Sunday, April 11, 2010

Sacred Ground

Several times during my stay on the Big Island, people called the island or specific places on it "sacred". There aren't many places in the world where people discuss the spirituality of the land, but the Big Island is one of them, which made for a very thought-provoking, unique vacation.

The first person I heard use the word "sacred" to describe Hawaii was J.R., my guide to one of the most sacred places on the Big Island, the 13,796 foot summit of Mauna Kea, one of the largest mountains on earth (and even taller than Mount Everest, if you count the portion that is underwater). To ancient Hawaiians, Mauna Kea was where the gods lived.

J.R. was driving our van along saddle road, which sits high in the "saddle" between two of the largest volcanoes that form the Big Island: Mauna Loa and Mauna Kea. Here's a photo of J.R. in the driver's seat, above the clouds:


Because saddle road runs right through Parker Ranch, one of the oldest and largest ranches in the United States, J.R. was telling us the story of its founder: John Parker. In 1809, as a 19-year-old New England sailor, Parker thought life on the island looked better than life on the ship, so he jumped ship, hoping to establish a home on the island. That was a bit of a problem, however. Because the Hawaiians considered the entire Big Island to be sacred, they had a law (or kapu) that forbade any non-polynesian people from living there.

Fortunately for John Parker, he had a skill that King Kamehameha I needed, and so he was allowed to stay. His skill? Cattle ranching. About 30 years before, Captain George Vancouver had given a gift of cattle to King Kamehameha, who created a kapu (or law) against killing them. By the time Parker arrived, the cattle were roaming at will and had turned into a dangerous nuisance. Parker introduced cattle ranching to the Hawaiians (yes, Hawaii had cowboys, or paniolos, before Texas did!), married a high-ranking Hawaiian, and eventually built a 330,000 acre ranch.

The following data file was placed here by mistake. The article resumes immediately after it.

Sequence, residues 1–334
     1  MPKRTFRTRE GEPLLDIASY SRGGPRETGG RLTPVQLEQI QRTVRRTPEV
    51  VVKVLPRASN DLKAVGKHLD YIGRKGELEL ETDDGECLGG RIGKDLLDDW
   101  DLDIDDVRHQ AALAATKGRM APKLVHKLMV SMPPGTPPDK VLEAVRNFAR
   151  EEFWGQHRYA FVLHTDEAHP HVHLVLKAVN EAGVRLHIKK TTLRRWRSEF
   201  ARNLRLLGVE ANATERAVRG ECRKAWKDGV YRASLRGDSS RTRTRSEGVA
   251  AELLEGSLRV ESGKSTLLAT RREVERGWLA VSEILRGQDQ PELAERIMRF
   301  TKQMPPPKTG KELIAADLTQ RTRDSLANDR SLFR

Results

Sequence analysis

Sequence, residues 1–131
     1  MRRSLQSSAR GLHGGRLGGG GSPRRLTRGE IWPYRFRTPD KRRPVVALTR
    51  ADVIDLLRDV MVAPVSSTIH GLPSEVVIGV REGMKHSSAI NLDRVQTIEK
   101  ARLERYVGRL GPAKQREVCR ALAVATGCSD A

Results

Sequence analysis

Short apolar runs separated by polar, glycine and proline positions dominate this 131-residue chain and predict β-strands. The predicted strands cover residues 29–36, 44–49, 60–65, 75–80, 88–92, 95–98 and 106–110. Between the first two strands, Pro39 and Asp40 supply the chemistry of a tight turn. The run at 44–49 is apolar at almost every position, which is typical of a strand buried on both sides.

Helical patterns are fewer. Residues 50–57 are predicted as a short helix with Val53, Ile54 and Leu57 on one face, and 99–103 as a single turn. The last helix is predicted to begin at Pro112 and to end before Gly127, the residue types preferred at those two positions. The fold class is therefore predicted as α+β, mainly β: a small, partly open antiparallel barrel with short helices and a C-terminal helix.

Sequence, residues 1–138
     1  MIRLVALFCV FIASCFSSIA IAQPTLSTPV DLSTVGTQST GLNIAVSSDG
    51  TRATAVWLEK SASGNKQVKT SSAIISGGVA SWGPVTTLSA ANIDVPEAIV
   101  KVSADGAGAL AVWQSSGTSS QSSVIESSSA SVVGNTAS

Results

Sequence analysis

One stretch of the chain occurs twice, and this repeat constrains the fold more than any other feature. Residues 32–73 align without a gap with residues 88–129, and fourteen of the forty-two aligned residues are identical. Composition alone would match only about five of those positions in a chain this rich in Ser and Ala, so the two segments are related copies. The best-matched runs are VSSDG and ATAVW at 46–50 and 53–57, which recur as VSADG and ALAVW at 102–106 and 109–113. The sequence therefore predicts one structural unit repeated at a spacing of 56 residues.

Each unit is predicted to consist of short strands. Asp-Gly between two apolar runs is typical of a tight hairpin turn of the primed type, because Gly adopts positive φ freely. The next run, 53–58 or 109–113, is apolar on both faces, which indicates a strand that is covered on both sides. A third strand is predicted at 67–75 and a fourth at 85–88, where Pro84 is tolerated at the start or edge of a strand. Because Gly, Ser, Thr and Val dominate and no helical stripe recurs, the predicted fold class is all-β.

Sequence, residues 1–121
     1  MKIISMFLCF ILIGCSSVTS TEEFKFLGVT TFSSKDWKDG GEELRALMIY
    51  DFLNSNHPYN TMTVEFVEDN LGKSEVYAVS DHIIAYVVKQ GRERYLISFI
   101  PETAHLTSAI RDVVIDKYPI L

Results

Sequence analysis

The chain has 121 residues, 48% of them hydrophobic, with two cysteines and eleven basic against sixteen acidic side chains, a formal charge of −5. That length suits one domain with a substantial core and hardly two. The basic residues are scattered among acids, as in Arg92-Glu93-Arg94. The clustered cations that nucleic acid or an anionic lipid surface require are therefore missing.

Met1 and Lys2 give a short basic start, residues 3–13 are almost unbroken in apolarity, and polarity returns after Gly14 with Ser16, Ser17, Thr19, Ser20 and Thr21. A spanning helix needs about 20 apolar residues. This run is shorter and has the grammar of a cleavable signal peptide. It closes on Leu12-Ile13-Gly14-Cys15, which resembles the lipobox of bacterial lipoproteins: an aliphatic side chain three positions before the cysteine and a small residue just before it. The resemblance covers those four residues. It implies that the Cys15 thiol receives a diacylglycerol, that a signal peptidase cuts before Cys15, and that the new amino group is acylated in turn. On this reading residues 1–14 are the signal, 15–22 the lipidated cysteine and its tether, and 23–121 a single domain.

Speaking of cattle being a nuisance: they're occasionally still a problem today, as evidenced by this sign at the Onizuka Center for International Astronomy Visitor Information Station:

I was standing by this sign when I met the second person who called this a sacred place. To avoid altitude sickness, you are advised to spend at least 30 minutes at the visitors center, located at the 9300 foot level on Mauna Kea, to give your body time to acclimate to the thin air at that altitude, and so we ate our dinner there.

Also on a dinner break was one of the employees of the visitor center, who noticed my interest in both the Invisible Cows sign and a sign on the microwave, explaining that you must cut your cooking times in half, because water boils so very quickly at that elevation. As we chatted, he mentioned he had worked there for a number of years. I commented that he must enjoy his job, and he said, in a reverent tone. "Yes, I do. This is a sacred place."

After acclimating, we continued on our bumpy, engine-whining journey to the summit. Along the way, J.R. pointed out evidence that glaciers had once been there and mentioned that at one point, the earth's crust broke and hot lava flowed out beneath a heavy glacier. The weight and cold of the glacier caused the lava to harden quickly, resulting in the creation of a very unique volcanic rock--one harder and less porous than typical volcanic rock. Mauna Kea is the only place in the world where this type of rock was created, and yet researchers continue to find fragments of this rock throughout the Pacific islands. Ancient islanders considered Mauna Kea to be so sacred, that they made pilgrimages there, and even went to the effort of hauling some of that special rock, excellent material for their tools, in their vessels as they traveled back across the ocean to their home islands.

Here's a photo of some of that especially hard volcanic rock, with the Cal Tech sub-millimeter Telescope in the background:

I was interested to learn that the Cal Tech telescope will soon be torn down, to make room for another telescope. Mauna Kea is one of the best places on earth to study the cosmos, because the air is clear and there's very little light pollution on that rural island in the middle of the Pacific.